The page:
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Multinational Experiment is a Success, General Says

By Steven Donald Smith
American Forces Press Service

WASHINGTON, May 19, 2006 – A recently completed international experiment successfully explored a "holistic" approach to dealing with conflict situations, the general who heads U.S. Joint Forces Command and serves as NATO's supreme allied commander for transformation, said today.

"We have moved from thinking only about major combat operations to thinking about the entire spectrum of conflict," Air Force Gen. Lance Smith said via telephone from a senior leadership seminar in Brussels, Belgium. "The experiment delved in a lot of areas, but primarily looking at a stabilization and reconstruction."

The general was speaking about Multinational Experiment 4, an international test of various aspects of international power, such as diplomacy, information, military and economics, and how these variables influence the behavior of an adversary. The JFCOM-led experiment concluded earlier this year. The participants included Canada, France, Germany, the United Kingdom, the United States, Australia, Finland, Sweden and NATO.

MNE 4 was designed to further explore concepts and supporting tools for the entire range of an "effects-based approach" to multinational operations within a coalition environment. The environment included stability operations with increasing levels of violence and was designed to assist in developing future processes, organizations and technologies at the operational level of command, U.S. military officials said.

Improving information-sharing techniques among coalition partners was of particular interest to those who participated, Smith said. "What we discovered in this experiment are a lot of the same barriers and obstacles we have known about, like sharing of information and releasability of information," he said.

In addition, the experiment's participants concluded that new software and improved network systems would help with planning and connectivity issues, he said. "The sooner we can all figure out how to share those kinds of databases, the better off we'll be," he said.

The general said the experiment also examined better ways in which military and civilian components could cooperate in stabilization and reconstruction efforts.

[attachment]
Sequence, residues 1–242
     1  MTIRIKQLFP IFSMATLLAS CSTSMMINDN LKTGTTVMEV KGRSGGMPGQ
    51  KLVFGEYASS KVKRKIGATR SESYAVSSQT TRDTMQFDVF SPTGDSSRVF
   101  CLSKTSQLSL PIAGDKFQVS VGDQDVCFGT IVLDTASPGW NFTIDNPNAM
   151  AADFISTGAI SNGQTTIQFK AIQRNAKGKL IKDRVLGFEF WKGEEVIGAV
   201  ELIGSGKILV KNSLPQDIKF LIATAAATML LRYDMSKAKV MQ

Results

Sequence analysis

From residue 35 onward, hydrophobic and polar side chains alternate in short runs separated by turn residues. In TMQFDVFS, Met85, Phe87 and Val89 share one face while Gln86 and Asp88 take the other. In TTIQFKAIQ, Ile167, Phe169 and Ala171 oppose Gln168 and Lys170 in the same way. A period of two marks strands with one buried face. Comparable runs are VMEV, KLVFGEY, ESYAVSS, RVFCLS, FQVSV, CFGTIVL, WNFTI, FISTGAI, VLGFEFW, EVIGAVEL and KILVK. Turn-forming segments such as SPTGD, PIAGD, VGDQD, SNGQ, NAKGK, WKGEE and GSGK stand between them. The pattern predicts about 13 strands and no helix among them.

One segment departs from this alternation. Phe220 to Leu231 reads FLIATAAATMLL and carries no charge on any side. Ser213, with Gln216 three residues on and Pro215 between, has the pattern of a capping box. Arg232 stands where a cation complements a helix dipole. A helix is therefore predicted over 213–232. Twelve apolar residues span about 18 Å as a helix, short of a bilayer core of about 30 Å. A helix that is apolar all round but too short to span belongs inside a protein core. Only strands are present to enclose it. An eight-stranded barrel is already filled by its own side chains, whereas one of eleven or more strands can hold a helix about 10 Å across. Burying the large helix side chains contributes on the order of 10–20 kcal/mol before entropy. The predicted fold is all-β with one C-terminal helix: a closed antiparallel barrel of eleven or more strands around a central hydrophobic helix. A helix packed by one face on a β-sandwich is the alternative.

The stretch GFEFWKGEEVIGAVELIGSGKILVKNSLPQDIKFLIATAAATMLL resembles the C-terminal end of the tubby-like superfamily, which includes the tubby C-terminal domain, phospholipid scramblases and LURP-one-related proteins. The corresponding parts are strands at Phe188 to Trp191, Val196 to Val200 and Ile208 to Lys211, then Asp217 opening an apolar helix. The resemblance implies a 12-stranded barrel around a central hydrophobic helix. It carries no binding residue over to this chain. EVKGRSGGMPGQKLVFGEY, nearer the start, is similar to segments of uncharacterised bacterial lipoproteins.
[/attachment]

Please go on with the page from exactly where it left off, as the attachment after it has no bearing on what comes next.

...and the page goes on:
"It's clear that military cannot do these things alone. It takes all the elements of national power, whether it's an economic piece that helps with reconstruction and rebuilding the economy or it's the political and diplomatic piece that really goes into how we establish a form of government that is able to operate within a global environment," he said.

"One of the things we truly achieved out of this," Smith continued, "is a good start to breaking down some of the barriers that are out there and the differences between military and civilian communities and looking toward changing culture so we can be more cooperative and collaborative,"

The experiment's results are providing insights and recommendations that will allow nations to build stronger coalition teams, enhance interoperability, and improve processes, U.S. military officials said.

The general said the next step is to take what was learned during the experiment and implement the findings into future experiments, and where appropriate, into the field.

Smith noted one difficult aspect of the experiment was determining its success rate.

"One of the most significance challenges of the exercise was the assessment piece," he said. "How do you know you achieved what you were trying to achieve? I think we are successfully achieving the goal from a thought-process perspective. Now what we're trying to do is make sure our leaders and our civilians have the tools to be able to go and implement."

Preliminary planning for Multinational Experiment 5 begins tomorrow.

Contact Author

Gen. Lance Smith, USAF

Related Sites:
U.S. Joint Forces Command

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Multinational Experiment Lessons Already Benefiting Coalition Ops

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